It’s good to see bipartisan support for a legislative proposal to have the state help local police departments fund body cameras. Now political leadership must get on board.
A public safety package being ushered through the House by DFL Rep. Carlos Mariani, chairman of the public safety committee, includes $2 million to help local police departments, including many in outstate Minnesota, buy body cameras. In fact, we believe $2 million is not enough, given the importance of the body cameras to public safety and effective policing.
The provision is not included in the GOP Senate public safety plan, but GOP Sen. Warren Limmer, chairman of the Senate public safety committee, said he favors the idea. He told MinnPost that the idea has not surfaced in the public safety conference committee, and it is up to Gov. Tim Walz, GOP Majority Leader Sen. Paul Gazelka and DFL House Speaker Melissa Hortman to include body cameras in the budget.
A recent incident where county deputies working with U.S. Marshals shot and killed a Black man in Minneapolis raised the issue again as the officers were not wearing body cameras. The Ramsey County Sheriff’s Office and other partner agencies have since withdrawn from the U.S. Marshals Service’s Northstar Violent Offender Task Force because they were told their officers can’t wear body cameras on joint missions.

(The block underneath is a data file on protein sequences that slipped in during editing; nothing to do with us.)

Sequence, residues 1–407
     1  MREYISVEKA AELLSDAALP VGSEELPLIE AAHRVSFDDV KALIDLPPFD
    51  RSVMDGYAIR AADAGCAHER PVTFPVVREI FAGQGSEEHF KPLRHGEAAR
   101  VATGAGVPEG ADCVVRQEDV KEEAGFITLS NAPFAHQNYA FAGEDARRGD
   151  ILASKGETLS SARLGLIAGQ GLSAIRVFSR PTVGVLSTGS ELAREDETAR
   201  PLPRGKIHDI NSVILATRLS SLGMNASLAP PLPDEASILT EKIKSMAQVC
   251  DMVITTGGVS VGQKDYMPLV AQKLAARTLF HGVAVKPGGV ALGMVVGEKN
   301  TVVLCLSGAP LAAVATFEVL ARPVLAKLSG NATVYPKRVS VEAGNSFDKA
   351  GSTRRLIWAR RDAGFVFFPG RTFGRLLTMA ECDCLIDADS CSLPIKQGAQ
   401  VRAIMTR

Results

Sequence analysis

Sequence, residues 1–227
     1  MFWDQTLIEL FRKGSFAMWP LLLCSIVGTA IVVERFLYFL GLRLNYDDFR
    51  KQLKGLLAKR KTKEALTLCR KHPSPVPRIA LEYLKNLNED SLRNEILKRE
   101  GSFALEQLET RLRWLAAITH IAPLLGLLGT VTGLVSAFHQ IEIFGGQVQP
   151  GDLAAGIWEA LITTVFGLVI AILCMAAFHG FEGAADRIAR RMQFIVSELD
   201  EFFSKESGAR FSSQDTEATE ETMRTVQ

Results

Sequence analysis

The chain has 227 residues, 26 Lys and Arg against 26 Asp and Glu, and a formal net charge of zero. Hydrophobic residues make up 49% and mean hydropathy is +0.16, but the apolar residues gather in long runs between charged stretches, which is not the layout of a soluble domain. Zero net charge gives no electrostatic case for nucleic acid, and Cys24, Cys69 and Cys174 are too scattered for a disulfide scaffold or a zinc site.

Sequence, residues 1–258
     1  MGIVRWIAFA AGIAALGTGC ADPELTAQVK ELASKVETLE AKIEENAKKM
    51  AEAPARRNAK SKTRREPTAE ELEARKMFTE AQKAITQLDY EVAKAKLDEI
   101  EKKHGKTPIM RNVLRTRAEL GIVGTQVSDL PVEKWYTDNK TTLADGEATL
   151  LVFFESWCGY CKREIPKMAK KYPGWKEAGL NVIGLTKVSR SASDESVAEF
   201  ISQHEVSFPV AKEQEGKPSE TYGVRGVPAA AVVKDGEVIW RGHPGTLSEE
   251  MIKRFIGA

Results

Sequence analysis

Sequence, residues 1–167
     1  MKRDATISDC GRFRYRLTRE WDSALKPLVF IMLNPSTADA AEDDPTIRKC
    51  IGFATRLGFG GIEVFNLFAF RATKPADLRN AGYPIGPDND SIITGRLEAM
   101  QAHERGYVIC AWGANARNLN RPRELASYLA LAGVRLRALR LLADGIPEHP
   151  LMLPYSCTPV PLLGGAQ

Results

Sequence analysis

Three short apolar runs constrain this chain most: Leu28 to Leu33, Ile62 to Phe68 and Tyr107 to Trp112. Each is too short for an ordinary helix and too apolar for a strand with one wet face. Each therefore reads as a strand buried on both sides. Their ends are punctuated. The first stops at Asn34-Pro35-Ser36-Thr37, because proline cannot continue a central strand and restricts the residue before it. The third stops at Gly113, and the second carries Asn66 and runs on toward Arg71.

Walz said he was concerned body cameras were not used in the incident.
As the George Floyd case and others have demonstrated, body cameras are critical tools not only for policing, but also for giving the public a sense of what actually happened. Body camera footage doesn’t always favor a suspect being shot. Footage can also show the great danger officers face on patrol.
Limmer told MinnPost: “I think personally it’s a good investment and I believe it enhances police professionalism as well as ultimately justifying police action,” he said. “And on top of it, that recording gives victims or victims’ families of police arrests an opportunity to review what really happened and often-times that can quell the curiosity or the suspicion in the community of a potential wrongdoing.”
We couldn’t agree more.
And there’s a great need for body cameras, especially with smaller outstate police departments. In International Falls, for example, the police tested body cameras for six months, but the chief ultimately decided the department couldn’t afford the cost of not only buying the cameras but managing and maintaining the footage. The cost of body cameras for Bloomington police was about $220,000 a year.
Law enforcement experts estimate 30 to 40 percent of police departments, many in outstate Minnesota, have no body cameras.
We urge Gov. Tim Walz and legislative leaders to make a small investment in a significant tool that will enhance public safety for police and taxpayers.